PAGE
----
Managing households in LGL

In this article:


We're often asked if it is possible to track households in LGL. The short answer is to this question is, “Yes!” However, there are two ways you can do this in LGL. This article walks through each and goes over how to manage the contact type in the household, because that affects how you'll be able to contact the households/constituents.

Instructions are available in the two sections that follow.

One for two: “Couple” records

Let’s say you receive a check from a married couple. The check is in both of their names, and you want to add them to the database so you can enter their gift. In such a case, it's common to create a single record representing the couple. The data in this record may depend a bit on your own conventions, and also on the donor’s preferences for how they want to be addressed, but it might look like this:

Here we have added a record with both names in it: Jim and Eliza. And we have two pairs of addressee/label names and salutations, one informal and the other formal. Keeping with your style for the names you include in letters and labels, you can set these up in whatever way is most appropriate. Some clients and donors prefer the more formal approach, and others prefer an informal one.

The advantage to tracking a couple as one record is that it simplifies donation tracking and mailings. You never have to worry about sending them the same letter twice, and soft credits are unnecessary.

Two for one: Tracking the household

While tracking a couple in a single record is convenient, there are many cases when it doesn’t cut it. Here are some common reasons to track the individuals in the couple in two separate constituent records:

  • Both couples are involved with your organization in different ways—perhaps one is a volunteer and the other is a member of the board. Or they both volunteer, and you want to track their hours separately.
  • They have different email addressess and you want to send email marketing messages to both of them, either directly from LGL or by taking advantage of LGL’s integration with Mailchimp or Constant Contact. This would require two separate constituent records because only one email per constituent can be used when sending emails from LGL or sync’d with Mailchimp or Constant Contact.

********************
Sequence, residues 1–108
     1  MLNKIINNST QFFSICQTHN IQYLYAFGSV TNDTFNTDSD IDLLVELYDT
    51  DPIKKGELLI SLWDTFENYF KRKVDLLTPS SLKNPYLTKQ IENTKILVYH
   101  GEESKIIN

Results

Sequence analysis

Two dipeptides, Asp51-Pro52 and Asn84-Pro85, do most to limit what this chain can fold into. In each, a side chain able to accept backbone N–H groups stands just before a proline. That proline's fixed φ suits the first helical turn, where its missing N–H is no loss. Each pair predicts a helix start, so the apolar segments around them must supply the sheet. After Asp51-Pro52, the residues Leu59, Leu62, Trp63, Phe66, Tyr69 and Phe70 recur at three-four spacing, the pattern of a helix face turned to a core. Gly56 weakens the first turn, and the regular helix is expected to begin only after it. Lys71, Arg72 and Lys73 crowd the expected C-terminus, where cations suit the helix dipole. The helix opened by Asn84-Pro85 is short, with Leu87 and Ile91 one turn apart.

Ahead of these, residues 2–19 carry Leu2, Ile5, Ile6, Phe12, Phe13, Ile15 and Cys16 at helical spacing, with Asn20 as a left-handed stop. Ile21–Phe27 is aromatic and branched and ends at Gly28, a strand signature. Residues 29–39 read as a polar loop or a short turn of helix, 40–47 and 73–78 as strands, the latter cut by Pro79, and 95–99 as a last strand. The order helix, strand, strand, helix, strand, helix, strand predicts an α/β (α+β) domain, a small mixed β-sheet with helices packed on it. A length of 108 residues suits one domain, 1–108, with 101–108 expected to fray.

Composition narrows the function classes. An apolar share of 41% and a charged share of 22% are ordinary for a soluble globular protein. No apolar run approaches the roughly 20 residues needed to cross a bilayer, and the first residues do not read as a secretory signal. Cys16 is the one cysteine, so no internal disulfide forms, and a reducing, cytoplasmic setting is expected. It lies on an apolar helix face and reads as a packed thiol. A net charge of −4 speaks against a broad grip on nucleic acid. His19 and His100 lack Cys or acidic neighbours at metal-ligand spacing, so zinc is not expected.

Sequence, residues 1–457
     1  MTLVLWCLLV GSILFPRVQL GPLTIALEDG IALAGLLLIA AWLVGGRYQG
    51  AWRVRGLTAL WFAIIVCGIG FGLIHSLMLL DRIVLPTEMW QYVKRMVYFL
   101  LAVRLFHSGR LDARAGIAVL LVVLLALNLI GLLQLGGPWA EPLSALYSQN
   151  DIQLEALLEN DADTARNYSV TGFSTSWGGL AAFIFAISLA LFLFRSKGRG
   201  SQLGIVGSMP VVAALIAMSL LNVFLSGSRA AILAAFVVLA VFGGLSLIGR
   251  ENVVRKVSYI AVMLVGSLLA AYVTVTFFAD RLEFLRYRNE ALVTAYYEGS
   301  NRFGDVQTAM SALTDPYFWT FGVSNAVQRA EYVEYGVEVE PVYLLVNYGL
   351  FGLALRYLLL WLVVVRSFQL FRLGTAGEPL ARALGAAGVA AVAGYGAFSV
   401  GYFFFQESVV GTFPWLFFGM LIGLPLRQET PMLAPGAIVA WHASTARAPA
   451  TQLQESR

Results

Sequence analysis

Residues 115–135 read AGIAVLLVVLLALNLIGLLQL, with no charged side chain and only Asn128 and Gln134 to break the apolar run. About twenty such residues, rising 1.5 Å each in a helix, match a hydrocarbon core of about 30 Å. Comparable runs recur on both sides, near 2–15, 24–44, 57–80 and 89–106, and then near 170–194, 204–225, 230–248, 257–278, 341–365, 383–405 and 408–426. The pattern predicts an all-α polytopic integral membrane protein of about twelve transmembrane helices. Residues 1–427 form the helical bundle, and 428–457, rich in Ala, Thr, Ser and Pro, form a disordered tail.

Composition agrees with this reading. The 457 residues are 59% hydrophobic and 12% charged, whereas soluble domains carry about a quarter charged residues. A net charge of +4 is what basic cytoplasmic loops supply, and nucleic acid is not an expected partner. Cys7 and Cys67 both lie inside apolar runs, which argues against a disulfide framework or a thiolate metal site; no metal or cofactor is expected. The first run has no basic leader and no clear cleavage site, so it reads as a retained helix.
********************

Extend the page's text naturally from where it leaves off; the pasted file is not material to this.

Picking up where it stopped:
• They both donate independently, with different names on the checks.
  • You want to be able to track birthday and education information accurately.
  • You have to split some households into two records because of the reasons above, and you want to be consistent across the board.

Whatever the reason, this is where LGL’s householding features can help you save some time. Here’s what a “household” in LGL might look like conceptually:

In the database, they’d show up like this in a regular search:

On the surface, these two records appear to be separate from one another. However, they have been tied together with a constituent relationship, which helps simplify managing address and phone data, as well as gift entry.

Learn more about  how to set up relationships with address/phone sharing.

Using contact type to keep your mailing list clean

This is great for regular searching, but when it comes to preparing a mailing you probably don’t want both of these records in your list. That's where the contact type comes in. In the example above, we have the head of household, John Doe, coded as the “Primary” contact type. This is the default contact type for all constituents (unless you’ve changed things around); Jane Doe is coded with a “Spouse/Partner” contact type.

So, looking at this limited example, we can just add a “Contact Type = Primary” restriction to our query, and things will look good:

Setting up the “Primary” record for mailings

Using this strategy, the primary record is a bit special in that it serves to represent the household in a mailing, but it represents the individual in all other capacities. To accomplish this, you can set it up so that the first name is the first name of the primary constituent, and then use the addressee/mailing label field in a broader sense. For example,

  • Mr. & Mrs. John Doe
  • John & Jane Doe
  • The Doe Family
  • etc.

What if I want to send mail to just John, rather than to the household?

In cases where you want to maintain the ability to send mail to the Doe Family and John Doe individually, you can do that by using the “Alt. Addressee” and “Alt. Salutation” fields:

Traditionally, the [[addressee]] and [[salutation]] fields are used in the LGL mail merge process or in exports, but in both cases (mail merge and export) you can also use the [[alt_addressee]] and [[alt_salutation]] instead. When you do that, the system will look for those values if present, and then fall back to addressee and salutation if they are not. This gives you the ability to treat the head of household records in two different ways for any given mailing.

Can I send email to more than one member of a household?

It is possible to email multiple members of a household only if each member has their own constituent record and their email address is contained within it.

Gift entry for households: Soft crediting the spouse for each donation

In addition to sharing contact information between primary constituents and their related spouses, it is also common practice to create soft credits for donations to related spouse records. So, if we get a check from John Doe for $100, it is a great idea to add a soft credit to Jane Doe’s record.

You can do this easily while entering the initial gift for John Doe within the Related gifts section of the gift record:

Read more about adding related gifts